I believe there is a store or museum in Gibsland that has a lot of B&C newspaper clippings, photos, etc. I read that they sent for a tow truck from Gibsland to tow the car. You can imagine what type of tow truck was available in 1934. They tow the car, still containing the bodies, back to Gibsland, on the way back the tow truck overheats and the slow-moving convoy stops at an available water source........ a nearby school. They dismiss school momentarily so the students could go outside and look at the "death car". Can you imagine that today?

    Back in the late 1960's my father and a cousin drove to Houston to attend a family members funeral. While at the funeral home, they engaged in a conversation with the manager. He asked them to follow him into another parlor and in there was Mr. Parker....... Bonnie's father lying in a casket. I've done a little research that indicates that her father died in 1914, so it obviously wasn't her father, though maybe an uncle? I haven't had the heart to inform my father it wasn't really Bonnies' dad.
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    Remington model 8 was produced in 4 calibers .25 Rem, .30 Rem, .32 Rem and .35 Rem

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    Thanks for the caliber info. I wonder what caliber was used on B&C? I went to a nearby flea market several ago, and an exhibitor "claimed" to have used a metal detector and found empty cartridge cases that he dug up from the ambush site. He had a few of them mounted on boards for sale. I didn't buy any, since I was suspicious of their authenticity.

    After my previous post I recalled that the shirt that Clyde was wearing was auctioned off for about $90,000 several years ago. Doing a little search I found the related link, which shows the shirt, their car, etc.

    Bonnie Parker and Clyde Barrow Artifacts at the Primm Valley Resort and Casino Tribute by Jeffrey Sward
    Turn the election's in 2014 to a "2A Revolution". It will serve as a 1994 refresher not to "infringe" on our Second Amendment. We know who they are now.........SEND 'EM HOME. Our success in this will be proportional to how hard we work to make it happen.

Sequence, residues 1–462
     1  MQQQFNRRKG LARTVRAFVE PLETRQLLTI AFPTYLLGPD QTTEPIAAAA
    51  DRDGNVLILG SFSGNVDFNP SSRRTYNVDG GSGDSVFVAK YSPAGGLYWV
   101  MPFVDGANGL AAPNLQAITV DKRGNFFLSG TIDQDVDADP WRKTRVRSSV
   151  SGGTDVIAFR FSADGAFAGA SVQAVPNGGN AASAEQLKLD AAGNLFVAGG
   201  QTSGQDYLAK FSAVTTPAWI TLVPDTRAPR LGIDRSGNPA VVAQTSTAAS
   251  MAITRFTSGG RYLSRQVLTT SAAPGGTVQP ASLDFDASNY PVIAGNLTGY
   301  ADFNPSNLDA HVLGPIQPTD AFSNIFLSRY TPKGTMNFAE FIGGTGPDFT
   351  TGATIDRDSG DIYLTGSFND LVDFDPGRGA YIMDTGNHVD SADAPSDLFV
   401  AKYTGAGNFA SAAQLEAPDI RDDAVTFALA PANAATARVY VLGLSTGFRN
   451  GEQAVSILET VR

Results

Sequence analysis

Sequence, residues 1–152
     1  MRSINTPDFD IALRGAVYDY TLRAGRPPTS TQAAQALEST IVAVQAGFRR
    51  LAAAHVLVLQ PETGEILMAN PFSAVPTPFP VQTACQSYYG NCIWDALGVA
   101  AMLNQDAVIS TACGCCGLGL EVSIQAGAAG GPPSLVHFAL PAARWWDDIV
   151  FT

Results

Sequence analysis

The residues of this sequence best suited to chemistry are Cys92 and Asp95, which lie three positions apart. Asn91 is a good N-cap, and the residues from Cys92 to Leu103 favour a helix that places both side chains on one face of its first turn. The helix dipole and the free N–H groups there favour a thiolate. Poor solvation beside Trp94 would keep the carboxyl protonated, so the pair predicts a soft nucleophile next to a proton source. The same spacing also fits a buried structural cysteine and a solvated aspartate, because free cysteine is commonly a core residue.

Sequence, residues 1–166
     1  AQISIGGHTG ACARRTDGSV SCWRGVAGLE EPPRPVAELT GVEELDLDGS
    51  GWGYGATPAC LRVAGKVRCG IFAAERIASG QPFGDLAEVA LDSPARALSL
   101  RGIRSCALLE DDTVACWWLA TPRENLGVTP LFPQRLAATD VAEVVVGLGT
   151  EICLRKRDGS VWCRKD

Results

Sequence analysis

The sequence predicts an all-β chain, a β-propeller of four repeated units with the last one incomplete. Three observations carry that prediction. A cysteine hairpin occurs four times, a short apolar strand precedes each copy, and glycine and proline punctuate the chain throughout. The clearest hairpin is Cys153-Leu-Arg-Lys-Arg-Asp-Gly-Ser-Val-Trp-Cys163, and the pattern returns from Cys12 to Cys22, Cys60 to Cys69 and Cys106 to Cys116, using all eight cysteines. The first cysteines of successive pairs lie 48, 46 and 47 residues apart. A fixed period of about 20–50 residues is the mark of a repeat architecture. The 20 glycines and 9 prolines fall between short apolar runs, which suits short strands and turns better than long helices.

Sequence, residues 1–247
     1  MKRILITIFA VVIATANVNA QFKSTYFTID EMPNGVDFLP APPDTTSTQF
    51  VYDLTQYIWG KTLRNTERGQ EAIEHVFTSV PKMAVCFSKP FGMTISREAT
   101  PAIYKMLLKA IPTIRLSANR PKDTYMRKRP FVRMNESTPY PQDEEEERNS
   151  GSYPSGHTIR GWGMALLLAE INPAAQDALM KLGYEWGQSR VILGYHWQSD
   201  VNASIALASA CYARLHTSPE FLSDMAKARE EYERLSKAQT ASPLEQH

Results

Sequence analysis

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    Interesting site!
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    It appears he carried a .35 model 8 when he met up with B&C. He also appears to have owned a .30 model 8. Website below talks about his guns.

    The Guns of Frank Hamer

    Interesting note, at least one of the LEO's was carrying a BAR. Now that is what I call fire power!
    Last edited by archer51; May 24th, 2008 at 12:34 PM. Reason: added info

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    Bonnie and Clyde had considerable firepower with them that day including 3 BARs. They also killed several law enforcement officers during their brief criminal career! Being a former LEO myself and having a brother-in-law who is a motorcycle LEO on the Kansas City Kansas PD, I feel that at the time there was no other way to take them. Remember there were no SWAT teams or bullet proof vests issued to the troops in those days. Frank Hamer was a Texas Ranger who had to pursue many dangerous criminals before he pursued Bonnie and Clyde, so he knew what it would take to STOP them. A posse who was armed with a BAR also! BTW, in the KCKPD archives is a photo of Charles "Pretty Boy" Floyd arrested on charges of vagrancy and petty larceny two weeks before the Kansas City Massacre at Union Station in which two FBI agents were killed along with three others by Pretty Boy and his Thompson submachine gun. The bullet holes are still there today, if you are ever in KC and at the Union Station (now a science museum) ask any attendant and he or she will show them to you.
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    One of the things I find interesting is that the Remington Model 8 is a John M. Browning design. Another is the similarity of the safety on the AK-47 and the Model 8.